Making breastfeeding a breeze: Cleft lip/palate and beyond

Breast Breeze
Breast Breeze developers Olivia Oppel (left) and Janet Conneely (Photos: Katherine C. Cohen)

Janet Conneely, BSN, RN, CPN, was visiting a new mother in the hospital who had just delivered a baby with a cleft palate to let her know about Boston Children’s Hospital’s Cleft Lip and Palate Program. The mother was trying, without success, to breastfeed, but because of cleft palate, her baby didn’t have an intact hard surface on the roof of her mouth, so couldn’t create enough suction to draw milk.

“I was new to seeing these moms,” Conneely recalls. “This mother was in tears, pleading for ‘some way to be able to breastfeed my baby!’” She adamantly did not want to be shown the specialty bottle typically used for babies with cleft palate.

Conneely tapped her colleague, Olivia Oppel, BSN, RN, CPN, CLC, and together, they reviewed existing breastfeeding products. The few that were available — nipple shields, bottle attachments and a sling that holds the bottle against the breast — were either awkward to use or didn’t really allow for skin-to-skin contact.

Read Full Story | 1 Comment | Leave a Comment

Delivered through amniotic fluid, stem cells could treat a range of birth defects

Transamniotic stem cell therapy, or TRASCET, is like amniocentesis is reverse.
Amniotic fluid is routinely withdrawn for prenatal testing. It could also be a delivery route for fetal cell therapy to treat congenital anomalies, with broader applications than once thought.

The amniotic fluid surrounding babies in the womb contains fetal mesenchymal stem cells (MSCs) that can differentiate into many cell types and tissues. More than a decade ago, Dario Fauza, MD, PhD, a surgeon and researcher at Boston Children’s Hospital, proposed using these cells therapeutically. His lab has been exploring these cells’ healing properties ever since.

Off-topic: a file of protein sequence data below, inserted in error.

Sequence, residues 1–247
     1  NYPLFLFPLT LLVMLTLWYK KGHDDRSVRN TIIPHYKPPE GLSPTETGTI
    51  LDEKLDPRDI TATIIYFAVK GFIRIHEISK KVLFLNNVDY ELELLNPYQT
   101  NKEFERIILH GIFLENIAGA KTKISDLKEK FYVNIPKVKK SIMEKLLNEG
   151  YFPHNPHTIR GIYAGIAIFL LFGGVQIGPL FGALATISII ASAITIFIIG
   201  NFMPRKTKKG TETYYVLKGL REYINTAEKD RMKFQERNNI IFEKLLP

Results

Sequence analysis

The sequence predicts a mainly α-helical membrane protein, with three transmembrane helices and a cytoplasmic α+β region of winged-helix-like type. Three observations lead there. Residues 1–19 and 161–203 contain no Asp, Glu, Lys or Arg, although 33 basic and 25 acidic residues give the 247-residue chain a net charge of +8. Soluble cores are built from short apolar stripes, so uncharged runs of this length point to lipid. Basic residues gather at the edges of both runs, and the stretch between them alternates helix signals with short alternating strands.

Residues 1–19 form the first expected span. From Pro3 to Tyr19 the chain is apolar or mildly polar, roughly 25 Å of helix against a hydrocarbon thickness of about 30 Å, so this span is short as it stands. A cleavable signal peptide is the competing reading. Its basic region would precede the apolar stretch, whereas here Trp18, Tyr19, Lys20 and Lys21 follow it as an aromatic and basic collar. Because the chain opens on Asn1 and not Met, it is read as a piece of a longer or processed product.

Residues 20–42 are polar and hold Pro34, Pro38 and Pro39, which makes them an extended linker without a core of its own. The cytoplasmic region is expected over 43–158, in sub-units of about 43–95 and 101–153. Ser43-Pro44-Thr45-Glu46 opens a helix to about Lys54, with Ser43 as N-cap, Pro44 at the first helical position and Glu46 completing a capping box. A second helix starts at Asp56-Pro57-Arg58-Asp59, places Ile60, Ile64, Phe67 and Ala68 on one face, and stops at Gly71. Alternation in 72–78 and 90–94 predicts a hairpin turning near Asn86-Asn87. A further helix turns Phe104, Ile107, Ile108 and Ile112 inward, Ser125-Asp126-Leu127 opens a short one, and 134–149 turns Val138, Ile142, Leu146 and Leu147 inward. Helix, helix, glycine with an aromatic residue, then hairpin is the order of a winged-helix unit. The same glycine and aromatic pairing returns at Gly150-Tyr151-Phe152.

Replicated in great quantity in the lab and then reinfused into the amniotic fluid in animal models — a reverse amniocentesis if you will — MSCs derived from amniotic fluid have been shown to repair or mitigate congenital defects before birth. In spina bifida, they have induced skin to grow over the exposed spinal cord; in gastroschisis, they have reduced damage to the exposed bowel. Fauza calls this approach Trans-Amniotic Stem Cell Therapy, or TRASCET.

New research findings, reported this month in the Journal of Pediatric Surgery, could expand TRASCET’s therapeutic potential.

Read Full Story | Leave a Comment

Meeting an unmet need: A surgical implant that grows with a child

Depiction of a growth-accommodating implant expanding in sync with a child's growing heart.
Artist’s rendering showing how a braided, tubular implant could grow in sync with a child’s heart valve. Credit: Randal McKenzie

Medical implants can save lives by correcting structural defects in the heart and other organs. But until now, the use of medical implants in children has been complicated by the fact that fixed-size implants cannot expand in tune with a child’s natural growth.

To address this unmet surgical need, a team of researchers from Boston Children’s Hospital and Brigham and Women’s Hospital have developed a growth-accommodating implant designed for use in a cardiac surgical procedure called a valve annuloplasty, which repairs leaking mitral and tricuspid valves in the heart. The innovation was reported today in Nature Biomedical Engineering.

Read Full Story | Leave a Comment

What do hospitals want from prospective digital health partners?

how digital health startups can better approach hospitals
How digital health startups can better approach hospitals.

How can the growing number of digital health startups sell their products to large-scale healthcare enterprises? Earlier this year, Rock Health, a San Francisco-based venture fund dedicated to digital health, conducted 30-minute interviews with executives at multiple startups and a few large healthcare organizations. They identified several key sticking points: navigating the internal complexities of hospitals, finding the right buyer, identifying the product’s value proposition and relevance to the hospital and avoiding “death by pilot.”